I started this blog around the same time that I was compiling two years’ worth of readings, research, and interviews into what would be my graduate thesis.
There’s a basic rule to be a successful grad student. Write…a lot. So I started this as exercise. I got three posts deep before the demands of working on Gethuman.com and my thesis assured me that my weekly writing output would need no assistance from a blog.
But the most important change is that I’ve left the academy and have fully joined the “working world”. Well, at least I’m trying. I’ve been on a two month, non-freelance job hunt that is about as uplifting as using Taxi Driver as white noise to fall asleep to.
It’s an exciting and frustrating time to be seeking work in the media fields.
After undergrad I started working at a PR firm. I’d spent four years studying the economics, culture and psychology around media consumption. I was also from a generation that grew up with platforms like Napster and Facebook and thought about these systems often. When I left college I really thought that these networks were going to reshape how organizations functioned. But when it came to the firms weekly de-10 no one was interested in having any real conversation about integrated brand communication (at least no one in Rhode Island).
I was convinced I had deluded myself into thinking organizations actually cared about how people used things like Facebook, or World of Warcraft . It seemed the only logical place to pursue my passions was back in academia.
Of course the great irony was that I no sooner became a student that the masses caught the social media bug. That puts me in an interesting place. In 2002* I had written a paper on user-generated marketplaces in (now defunct) There.com, but as far as most interviewers and HR people see it I’ve been “on the side line” for a while.
I don’t regret this. Grad school allowed me to develop some concrete thoughts about an immaterial world.
One of these insights – There is a tremendous amount of collective corporate anxiety around social media, technology, and all of these gadgets that flash, buzz and tweet at us all day. On a few interviews organizations seemed disappointed I could offer no one stop solution. Clearly they were hunting for the “magic bullet” or some authority on how to operate in this field. If your one of those people, well..uhmm.. I don’t think you get it.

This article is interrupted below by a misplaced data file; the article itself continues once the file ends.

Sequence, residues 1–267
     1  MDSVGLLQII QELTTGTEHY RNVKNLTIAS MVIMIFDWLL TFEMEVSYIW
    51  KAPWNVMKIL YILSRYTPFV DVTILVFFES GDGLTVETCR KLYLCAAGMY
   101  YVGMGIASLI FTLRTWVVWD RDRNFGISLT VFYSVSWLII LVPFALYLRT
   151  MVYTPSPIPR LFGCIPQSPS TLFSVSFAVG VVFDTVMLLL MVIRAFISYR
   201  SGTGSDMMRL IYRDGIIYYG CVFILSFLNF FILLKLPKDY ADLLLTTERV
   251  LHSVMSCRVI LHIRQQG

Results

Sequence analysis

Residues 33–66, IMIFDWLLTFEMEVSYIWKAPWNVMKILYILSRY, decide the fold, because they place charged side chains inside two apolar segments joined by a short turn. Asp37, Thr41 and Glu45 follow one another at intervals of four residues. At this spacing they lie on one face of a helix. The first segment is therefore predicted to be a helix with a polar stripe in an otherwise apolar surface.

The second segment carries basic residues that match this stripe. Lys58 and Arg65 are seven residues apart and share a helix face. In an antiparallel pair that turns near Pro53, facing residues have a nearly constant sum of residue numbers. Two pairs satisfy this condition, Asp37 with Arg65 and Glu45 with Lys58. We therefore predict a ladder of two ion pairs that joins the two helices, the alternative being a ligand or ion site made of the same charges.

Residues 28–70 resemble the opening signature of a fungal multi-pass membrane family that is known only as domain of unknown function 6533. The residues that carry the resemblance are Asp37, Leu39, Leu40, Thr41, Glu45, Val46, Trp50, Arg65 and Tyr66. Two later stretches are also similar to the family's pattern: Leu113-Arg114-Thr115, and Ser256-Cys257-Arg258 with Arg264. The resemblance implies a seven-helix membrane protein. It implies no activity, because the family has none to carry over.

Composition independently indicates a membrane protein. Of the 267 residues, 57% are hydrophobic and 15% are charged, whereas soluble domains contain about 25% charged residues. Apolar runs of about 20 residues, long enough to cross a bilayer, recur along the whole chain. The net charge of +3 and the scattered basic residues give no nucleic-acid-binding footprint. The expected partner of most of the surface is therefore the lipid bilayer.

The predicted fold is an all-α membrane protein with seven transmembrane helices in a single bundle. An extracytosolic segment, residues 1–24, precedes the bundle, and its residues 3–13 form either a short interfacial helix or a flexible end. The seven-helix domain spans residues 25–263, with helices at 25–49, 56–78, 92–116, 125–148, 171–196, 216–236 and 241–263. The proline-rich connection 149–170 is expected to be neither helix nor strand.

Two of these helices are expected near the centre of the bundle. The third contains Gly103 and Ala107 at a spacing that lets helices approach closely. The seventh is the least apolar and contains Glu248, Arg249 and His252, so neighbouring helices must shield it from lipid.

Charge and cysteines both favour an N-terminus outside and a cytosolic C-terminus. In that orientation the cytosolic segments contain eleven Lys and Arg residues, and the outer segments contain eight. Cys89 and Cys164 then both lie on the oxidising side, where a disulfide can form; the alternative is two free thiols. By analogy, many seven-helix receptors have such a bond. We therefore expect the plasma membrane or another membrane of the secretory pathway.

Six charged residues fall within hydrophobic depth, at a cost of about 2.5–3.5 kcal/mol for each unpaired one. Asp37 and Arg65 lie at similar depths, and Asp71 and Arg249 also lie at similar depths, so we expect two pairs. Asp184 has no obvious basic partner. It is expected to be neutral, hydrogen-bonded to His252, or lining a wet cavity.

Advertising/marketing has never had a “cure-all”. Even more important, on the societal level I think we’re beyond the point of having authority figures. Anyone and everyone with an internet connection can gather information, edit and publish it with a few clicks-turning themselves into a temporary “experts”. That’s not a judgment call, just a stated fact. The pieces are the same (people) it’s just the technology is different.
The last time I was at an agency this stuff was being called “new media”, with a little too much emphasis on the “new”. I understand why it was used, but that concept was simple. Social media is just as much caught up in the micro/macro flows of history as everything else. Especially since the most intrinsic aspect of it, sociability of people, is so predictably irrational.
Agencies that employee successful social media work will be no different than the success stories of the past. They’ll be the agencies that pay attention to culture. Their internal culture and the culture that surrounds the brands they help represent. They will be the agencies that help retain relationships between brands and consumers, all the while helping to authenticate the narrative consumers tell themselves.
That might sound like gobbledegook, but I’m hoping to use this space to explain exactly what I mean and get back in the habit of writing… a lot
* In no way am I suggesting that in 2002 this idea was ahead of it’s time. But when I told people about it there was certainly a lot of “your doing what? Why?” responses